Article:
Building our own home was a great learning experience, and from now on, all the walls we work with will be built indoors so they’re protected from the weather, so there’s no need to waste tarps. Pre-fabricated walls can be mounted in a day with low labour and significant ease, which eliminates a lot of headaches. We now run a business in which we act as distributors for these pre-fab walls, and since we have firsthand experience that they work amazingly well, we can reassure my customers that they’re a great, sustainable option for the Quebec climate.
INHABITAT: Are there other benefits to using these pre-fabricated straw bale walls?
The main additional benefit is that they really do look like any other walls, so contractors don’t have to learn how to work with materials that are totally alien to them. There’s nothing new to learn, no special techniques to employ: these look and work like all the other prefabricated walls they’ve worked with before. In addition, they come ready for finishing, so the additional labour costs usually associated with prefab walls are eliminated.
They’re a perfect crossover product that brings eco-conscious building options to standard contractors. You can find more information about the product at www.biomur.ca.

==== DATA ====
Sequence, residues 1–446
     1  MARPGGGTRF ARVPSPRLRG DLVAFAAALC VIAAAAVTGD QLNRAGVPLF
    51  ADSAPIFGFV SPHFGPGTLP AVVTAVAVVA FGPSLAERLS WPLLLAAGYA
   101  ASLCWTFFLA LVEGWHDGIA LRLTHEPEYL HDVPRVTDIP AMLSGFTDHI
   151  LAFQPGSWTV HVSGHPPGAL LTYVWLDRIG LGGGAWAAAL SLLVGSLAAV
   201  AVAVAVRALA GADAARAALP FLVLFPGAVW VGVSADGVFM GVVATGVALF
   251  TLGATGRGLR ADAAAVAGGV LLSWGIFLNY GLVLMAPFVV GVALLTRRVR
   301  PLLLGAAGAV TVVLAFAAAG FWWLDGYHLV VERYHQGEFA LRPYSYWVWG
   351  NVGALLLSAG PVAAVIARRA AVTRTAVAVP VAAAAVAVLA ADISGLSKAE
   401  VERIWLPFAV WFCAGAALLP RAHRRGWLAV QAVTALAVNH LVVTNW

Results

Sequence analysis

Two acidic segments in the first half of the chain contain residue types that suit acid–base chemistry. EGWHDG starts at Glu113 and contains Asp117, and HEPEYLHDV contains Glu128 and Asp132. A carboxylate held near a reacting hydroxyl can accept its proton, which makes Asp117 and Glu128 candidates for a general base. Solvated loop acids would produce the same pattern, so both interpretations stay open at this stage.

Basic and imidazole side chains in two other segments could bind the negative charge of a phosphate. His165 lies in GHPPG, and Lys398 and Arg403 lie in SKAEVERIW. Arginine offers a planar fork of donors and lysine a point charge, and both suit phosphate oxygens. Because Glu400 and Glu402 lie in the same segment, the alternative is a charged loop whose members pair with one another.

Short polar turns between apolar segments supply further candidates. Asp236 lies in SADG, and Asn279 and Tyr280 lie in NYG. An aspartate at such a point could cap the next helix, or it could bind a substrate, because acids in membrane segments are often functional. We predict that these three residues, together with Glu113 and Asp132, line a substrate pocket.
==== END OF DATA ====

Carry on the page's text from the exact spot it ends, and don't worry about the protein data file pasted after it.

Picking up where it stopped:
INHABITAT: How did you approach your heating and water system? What about insulation?
We created a shallow frost foundation by laying down gravel and then building upon that, which reduced the need for concrete. The majority of the house is raised on posts, which helps to keep the straw bale walls from any sources of infiltration and humidity on our sloped land. We did create a small basement for our workshop and heating system.
The straw bale walls provide great insulation: they’re eight feet tall, and above that is a double-wall structure filled with cellulose, which has a higher per-inch insulating value than straw bale, so the house really is super-insulated. The floor and ceiling are also insulated with cellulose. Since the house is built in a passive-solar design, facing south to maximize heat gain from the sun in winter while minimizing it in summer, our heating costs are further reduced.